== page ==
Rather than offer its new Android OS to one manufacturer to develop a "Nexus" product, Google plans to release Android 5.0 "Jelly Bean" to five companies to develop "Nexus" tablets and smartphones.
As reported back in March, the company plans to open a virtual storefront to sell branded tablets directly to customers. The move is supposedly to turn around sluggish sales of non-Kindle Fire Android tablets while providing a retail hardware service rivaling Apple and Amazon. It's also to simmer any hostilities that may arise due to the upcoming Google-Motorola acquisition deal.
The report said that Google's store will sell two branded tablets from Asus and Samsung although the former manufacturer is slated to arrive with a "Nexus" tablet first. Sources said these devices would sport Android 5.0 "Jelly Bean" and launch during 3Q12 at the earliest. Other manufacturers are expected to sell additional Android tablets and smartphones to make Google's virtual stock appear more robust.
A new report now clarifies what will actually be sold in Google's new store. Unnamed sources claim that the company plans to distribute Android 5.0 "Jelly Bean" to five device manufacturers rather than limit the new release to just one as it has in the past. That means Google will have a large portfolio of branded tablets and smartphones at launch. This approach is expected to reduce the "trickle effect" when a new OS appears on the market.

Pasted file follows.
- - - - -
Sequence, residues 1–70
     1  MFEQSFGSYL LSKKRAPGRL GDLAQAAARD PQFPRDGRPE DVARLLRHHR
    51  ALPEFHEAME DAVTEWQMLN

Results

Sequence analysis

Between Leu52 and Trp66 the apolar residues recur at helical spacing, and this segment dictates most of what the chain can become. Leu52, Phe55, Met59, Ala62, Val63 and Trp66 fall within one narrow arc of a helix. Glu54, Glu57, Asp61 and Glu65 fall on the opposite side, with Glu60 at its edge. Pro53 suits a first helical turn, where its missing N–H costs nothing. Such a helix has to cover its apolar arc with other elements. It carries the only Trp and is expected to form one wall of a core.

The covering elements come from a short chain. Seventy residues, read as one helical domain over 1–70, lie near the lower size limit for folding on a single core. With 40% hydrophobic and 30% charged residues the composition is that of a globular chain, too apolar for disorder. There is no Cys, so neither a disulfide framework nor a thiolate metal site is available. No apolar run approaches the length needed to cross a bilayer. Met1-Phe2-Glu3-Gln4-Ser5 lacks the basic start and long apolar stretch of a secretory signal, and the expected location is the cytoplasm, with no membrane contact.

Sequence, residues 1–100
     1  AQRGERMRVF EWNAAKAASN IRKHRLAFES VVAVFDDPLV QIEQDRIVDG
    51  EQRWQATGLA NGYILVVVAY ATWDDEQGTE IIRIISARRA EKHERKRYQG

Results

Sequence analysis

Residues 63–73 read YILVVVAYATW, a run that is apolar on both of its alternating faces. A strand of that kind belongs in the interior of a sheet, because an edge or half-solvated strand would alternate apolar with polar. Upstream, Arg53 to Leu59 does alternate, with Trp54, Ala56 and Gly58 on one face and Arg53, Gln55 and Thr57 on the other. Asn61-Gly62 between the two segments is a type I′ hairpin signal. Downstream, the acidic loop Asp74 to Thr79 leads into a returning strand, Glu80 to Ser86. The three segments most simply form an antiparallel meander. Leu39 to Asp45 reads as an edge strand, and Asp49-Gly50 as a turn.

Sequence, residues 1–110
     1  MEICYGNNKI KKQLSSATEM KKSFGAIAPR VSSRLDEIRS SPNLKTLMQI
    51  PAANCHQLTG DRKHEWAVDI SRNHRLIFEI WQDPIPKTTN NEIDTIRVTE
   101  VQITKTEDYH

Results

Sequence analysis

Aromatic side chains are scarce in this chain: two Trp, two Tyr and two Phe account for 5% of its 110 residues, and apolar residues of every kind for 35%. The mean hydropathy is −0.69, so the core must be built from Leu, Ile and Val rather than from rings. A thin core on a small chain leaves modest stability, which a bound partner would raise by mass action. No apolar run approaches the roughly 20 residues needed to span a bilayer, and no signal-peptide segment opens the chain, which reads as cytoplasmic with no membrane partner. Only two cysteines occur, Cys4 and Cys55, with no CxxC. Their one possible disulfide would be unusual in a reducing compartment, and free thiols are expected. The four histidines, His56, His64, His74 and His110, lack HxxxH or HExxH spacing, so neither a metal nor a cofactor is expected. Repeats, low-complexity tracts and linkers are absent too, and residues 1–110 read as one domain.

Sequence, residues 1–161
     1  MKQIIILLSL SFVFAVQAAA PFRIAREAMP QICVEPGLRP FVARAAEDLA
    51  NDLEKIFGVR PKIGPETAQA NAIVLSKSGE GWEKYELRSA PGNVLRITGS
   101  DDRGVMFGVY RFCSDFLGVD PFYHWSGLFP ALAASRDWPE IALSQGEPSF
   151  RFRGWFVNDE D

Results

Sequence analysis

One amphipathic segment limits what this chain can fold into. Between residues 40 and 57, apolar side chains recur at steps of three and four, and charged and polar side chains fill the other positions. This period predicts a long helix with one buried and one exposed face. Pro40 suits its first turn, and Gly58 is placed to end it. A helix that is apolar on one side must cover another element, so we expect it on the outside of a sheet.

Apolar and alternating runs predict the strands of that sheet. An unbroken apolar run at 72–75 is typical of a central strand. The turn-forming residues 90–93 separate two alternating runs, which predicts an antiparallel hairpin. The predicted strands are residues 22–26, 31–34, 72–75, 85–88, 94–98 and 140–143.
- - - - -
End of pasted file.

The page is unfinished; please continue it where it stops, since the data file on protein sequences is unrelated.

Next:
This move may also be intended to reduce the number of "forked" Android builds that threaten to take over the market. As previously stated, manufacturers are worried that Motorola will get preference once the acquisition takes place. There's also talk that manufacturers are simply tired of Google telling them how to produce an Android tablet, and want to differentiate themselves from the competitors. Offering Jelly Bean to Google's five main partners would seemingly ease the Motorola bitterness while also assuring a line of "pure" tablets and smartphones before manufacturers head down their own path.
But here's the catch: because these phones and tablets aren't sold through networks, they'll be unlocked and SIM-free. Thus, at this point, there won't be a subsidy, so consumers will pay full price and then be required to hunt down a compatible network. Still, these devices may be sold outside Google's own virtual storefront at a handful of retailers in Europe, Asia and here in the United States.
Many critics have complained that releasing Android 5.0 in 3Q12 will be too early and may hurt the overall Android ecosystem. After all, Android 4.0 -- which is supposed to finally fix the fragmentation problem that has plagued the OS for years -- launched at the end of 2011 and has yet to fully infiltrate the Android market. As it stands now, many consumers are still waiting to move up from v2.3 "Gingerbread" while Ice Cream Sandwich devices fresh from the shop are few in number.